Ethanol subsidies push up the price of corn tortillas

(Reprinted from
Mexico this week removed the last tariffs on U.S. and Canadian farm products as called for by the North American Free Trade Agreement. The removal of the tariffs is a gamble by Mexicans that the positives of globalization will outweigh the negatives, especially in the case of corn, the historical food staple that has fed the people of Mexico for centuries.

The playing field for Mexicans in the corn markets would be fairer, however, if the United States didn't continue to ladle outrageous subsidies on corn producers even as corn prices soar. Those prices are a direct outgrowth of the demand for corn-based ethanol, which itself is a creation of the farm lobby and presidential politics.

Only the most plain-speaking presidential candidate would have taken on the corn subsidy before this week's caucuses in Iowa, a heavy corn growing state, either to suggest that the subsidy is an anachronism from the Depression era or that U.S. tariffs on sugar-based ethanol from Brazil should be removed to drive down fuel prices. Not likely.

Protestors who blocked the international bridge at El Paso this week were wrong about globalization being the bogey man of Mexican farmers. Other Mexican farmers, such as those who grow tomatoes, winter vegetables and avocados, have found a new market in American supermarkets because of NAFTA.

Likewise, American consumers get the benefit of fresh produce and more food choices. The demonstrators, who dispersed after a few hours, do have a valid point regarding corn. American vegetables and fruits don't get federal farm subsidies, but corn does and will continue to get federal support in the recently passed farm bill. That makes for an uneven playing field that leaves poor Mexican farmers further out in the cold.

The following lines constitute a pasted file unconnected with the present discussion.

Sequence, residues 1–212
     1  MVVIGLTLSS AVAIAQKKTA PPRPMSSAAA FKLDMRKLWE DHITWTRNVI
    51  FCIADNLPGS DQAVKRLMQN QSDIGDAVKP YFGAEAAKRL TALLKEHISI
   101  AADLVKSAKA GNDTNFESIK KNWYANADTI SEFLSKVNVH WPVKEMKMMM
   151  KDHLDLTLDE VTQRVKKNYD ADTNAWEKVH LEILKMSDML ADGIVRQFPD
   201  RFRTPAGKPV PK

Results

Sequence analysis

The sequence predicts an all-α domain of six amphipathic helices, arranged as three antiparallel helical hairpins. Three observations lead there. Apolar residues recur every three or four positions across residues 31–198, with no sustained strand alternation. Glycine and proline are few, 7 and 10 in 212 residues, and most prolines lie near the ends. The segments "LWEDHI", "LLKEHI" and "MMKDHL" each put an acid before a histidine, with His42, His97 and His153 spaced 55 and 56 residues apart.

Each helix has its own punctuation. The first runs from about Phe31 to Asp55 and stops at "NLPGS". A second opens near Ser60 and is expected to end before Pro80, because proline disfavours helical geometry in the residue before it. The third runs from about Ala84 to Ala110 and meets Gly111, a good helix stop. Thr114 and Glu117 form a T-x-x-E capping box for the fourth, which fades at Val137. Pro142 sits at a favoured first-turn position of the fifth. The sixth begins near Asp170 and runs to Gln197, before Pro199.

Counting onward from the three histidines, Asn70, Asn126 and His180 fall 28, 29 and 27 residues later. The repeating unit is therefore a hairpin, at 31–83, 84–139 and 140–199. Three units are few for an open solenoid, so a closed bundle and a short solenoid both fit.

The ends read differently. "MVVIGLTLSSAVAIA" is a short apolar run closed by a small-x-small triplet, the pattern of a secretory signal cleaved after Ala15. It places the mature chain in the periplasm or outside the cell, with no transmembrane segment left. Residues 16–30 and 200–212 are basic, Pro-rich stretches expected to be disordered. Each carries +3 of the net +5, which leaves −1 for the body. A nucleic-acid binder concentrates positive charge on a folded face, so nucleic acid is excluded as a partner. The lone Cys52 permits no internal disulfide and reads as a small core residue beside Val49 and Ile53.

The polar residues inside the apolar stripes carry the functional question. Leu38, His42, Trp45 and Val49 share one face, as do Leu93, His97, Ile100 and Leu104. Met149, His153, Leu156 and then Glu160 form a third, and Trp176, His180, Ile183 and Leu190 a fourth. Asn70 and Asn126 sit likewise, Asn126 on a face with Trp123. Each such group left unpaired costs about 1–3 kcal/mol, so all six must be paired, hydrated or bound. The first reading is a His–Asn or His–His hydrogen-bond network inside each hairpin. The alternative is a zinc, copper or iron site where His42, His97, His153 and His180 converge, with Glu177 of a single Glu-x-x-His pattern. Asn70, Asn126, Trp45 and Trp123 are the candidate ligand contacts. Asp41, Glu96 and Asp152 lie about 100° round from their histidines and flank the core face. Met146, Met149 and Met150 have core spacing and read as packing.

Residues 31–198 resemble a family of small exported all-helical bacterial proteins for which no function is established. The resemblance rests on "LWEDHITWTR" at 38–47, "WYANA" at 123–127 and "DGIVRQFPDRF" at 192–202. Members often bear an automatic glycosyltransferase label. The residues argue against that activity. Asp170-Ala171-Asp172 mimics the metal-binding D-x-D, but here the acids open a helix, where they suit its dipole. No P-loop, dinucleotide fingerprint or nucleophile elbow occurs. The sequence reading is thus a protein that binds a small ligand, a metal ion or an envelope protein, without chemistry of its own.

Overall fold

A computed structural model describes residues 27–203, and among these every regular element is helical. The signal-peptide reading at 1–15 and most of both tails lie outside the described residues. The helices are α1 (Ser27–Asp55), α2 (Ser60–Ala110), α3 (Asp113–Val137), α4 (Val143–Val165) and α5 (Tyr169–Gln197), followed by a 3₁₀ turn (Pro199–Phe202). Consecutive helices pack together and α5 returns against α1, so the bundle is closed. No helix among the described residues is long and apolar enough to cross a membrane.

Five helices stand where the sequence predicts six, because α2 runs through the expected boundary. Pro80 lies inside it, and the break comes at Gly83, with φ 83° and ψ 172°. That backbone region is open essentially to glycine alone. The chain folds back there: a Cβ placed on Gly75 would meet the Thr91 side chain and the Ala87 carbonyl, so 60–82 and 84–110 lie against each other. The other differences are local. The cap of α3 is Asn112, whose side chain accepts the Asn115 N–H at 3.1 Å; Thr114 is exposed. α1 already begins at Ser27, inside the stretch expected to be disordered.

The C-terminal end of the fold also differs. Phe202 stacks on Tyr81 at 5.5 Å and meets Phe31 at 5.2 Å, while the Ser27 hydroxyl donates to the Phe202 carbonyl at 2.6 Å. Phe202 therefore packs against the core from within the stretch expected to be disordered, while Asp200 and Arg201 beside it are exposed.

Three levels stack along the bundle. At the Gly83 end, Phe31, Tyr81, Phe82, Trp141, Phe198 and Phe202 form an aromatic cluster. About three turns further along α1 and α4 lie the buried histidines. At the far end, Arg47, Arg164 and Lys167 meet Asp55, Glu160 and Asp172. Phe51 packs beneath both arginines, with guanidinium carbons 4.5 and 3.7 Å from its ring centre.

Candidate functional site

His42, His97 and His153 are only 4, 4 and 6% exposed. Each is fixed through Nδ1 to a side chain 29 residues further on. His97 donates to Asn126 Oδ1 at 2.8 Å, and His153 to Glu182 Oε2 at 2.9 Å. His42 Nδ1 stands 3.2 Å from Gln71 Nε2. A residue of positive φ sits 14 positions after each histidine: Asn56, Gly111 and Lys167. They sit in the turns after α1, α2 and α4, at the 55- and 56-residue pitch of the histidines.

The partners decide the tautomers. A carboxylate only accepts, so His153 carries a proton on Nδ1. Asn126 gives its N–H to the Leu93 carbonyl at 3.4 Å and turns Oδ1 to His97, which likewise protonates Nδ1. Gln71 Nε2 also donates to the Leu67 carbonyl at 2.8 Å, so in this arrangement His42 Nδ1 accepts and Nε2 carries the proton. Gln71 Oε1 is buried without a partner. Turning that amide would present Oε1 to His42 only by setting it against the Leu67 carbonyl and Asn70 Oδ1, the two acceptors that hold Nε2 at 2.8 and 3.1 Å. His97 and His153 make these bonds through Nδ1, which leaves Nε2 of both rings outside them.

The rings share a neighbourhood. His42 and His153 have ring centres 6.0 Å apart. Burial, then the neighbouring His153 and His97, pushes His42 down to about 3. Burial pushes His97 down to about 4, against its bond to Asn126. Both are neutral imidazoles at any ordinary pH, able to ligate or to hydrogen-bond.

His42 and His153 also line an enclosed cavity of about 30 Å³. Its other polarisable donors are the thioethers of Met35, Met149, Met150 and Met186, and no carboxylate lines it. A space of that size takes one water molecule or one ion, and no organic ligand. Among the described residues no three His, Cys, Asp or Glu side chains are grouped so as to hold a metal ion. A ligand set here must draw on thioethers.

The subsidies undermine faith in the power of free markets and open trade. Globalization already has fewer friends in Congress than it had when NAFTA was negotiated in 1993. Democratic presidential hopefuls are acting more like Lou Dobbs, the cable television free trade alarmist, than Bill Clinton who signed NAFTA and called it essential to America's ability to compete across the world.

In Mexico, those same views are heard by those who say that Mexico is on the short-end of the globalization stick.

Ironically, Mexico has done more, in many ways, to erase barriers to free trade than the United States. Mexican administrations removed the price supports for corn that protected small corn farmers and artificially kept prices low for tortillas. As a result, tortilla prices have soared, putting political pressure on President Felipe Calderon. But Calderon, aside from some action on putting a ceiling on tortilla prices, has resisted demands that Mexico tinker with NAFTA.

Mexico will have to do more. A protected market has kept Mexican corn producers from being more efficient and from leaving behind the tiny plots that simply can't match the production of American corn farmers. But anti-NAFTA critics mostly say that if American corn producers are protected by subsidies, so should Mexican farmers. The losers there would be consumers in Mexico and the United States.

Defenders of subsidies point out that Americans produce yellow corn, not the white corn that Mexicans produce for domestic consumption. But markets make no differentiation; all corn prices are distorted by subsidies and the demand for ethanol.

One fear is that Mexican corn farmers, unable to compete, will be forced to leave rural areas and eventually wind up as illegal immigrants. It would be tragically ironic if Iowa corn subsidies result in more undocumented workers in a Des Moines meat- packing plant.

Globalization, despite NAFTA critics in Mexico and the United States, can't be stopped; overall, more people benefit when trade is allowed to flow fairly and freely. There's nothing fair, however, about American crop subsidies.

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